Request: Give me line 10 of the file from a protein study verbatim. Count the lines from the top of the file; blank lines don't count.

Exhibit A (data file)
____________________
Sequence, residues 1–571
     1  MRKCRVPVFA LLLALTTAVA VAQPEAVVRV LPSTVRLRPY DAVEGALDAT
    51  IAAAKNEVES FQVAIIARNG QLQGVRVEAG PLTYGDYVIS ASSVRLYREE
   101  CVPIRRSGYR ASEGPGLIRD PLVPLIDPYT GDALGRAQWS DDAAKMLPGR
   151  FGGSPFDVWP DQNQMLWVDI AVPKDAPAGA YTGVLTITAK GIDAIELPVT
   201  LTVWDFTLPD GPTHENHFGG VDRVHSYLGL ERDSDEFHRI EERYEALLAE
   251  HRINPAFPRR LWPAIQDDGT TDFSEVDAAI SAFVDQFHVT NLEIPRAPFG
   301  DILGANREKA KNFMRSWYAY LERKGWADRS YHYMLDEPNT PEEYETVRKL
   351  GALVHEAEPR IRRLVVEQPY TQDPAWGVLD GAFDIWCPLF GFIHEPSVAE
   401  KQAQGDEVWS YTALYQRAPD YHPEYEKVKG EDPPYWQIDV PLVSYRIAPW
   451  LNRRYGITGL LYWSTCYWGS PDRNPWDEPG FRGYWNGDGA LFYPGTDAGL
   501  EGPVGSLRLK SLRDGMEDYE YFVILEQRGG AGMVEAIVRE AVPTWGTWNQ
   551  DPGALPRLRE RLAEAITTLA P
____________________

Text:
   401  KQAQGDEVWS YTALYQRAPD YHPEYEKVKG EDPPYWQIDV PLVSYRIAPW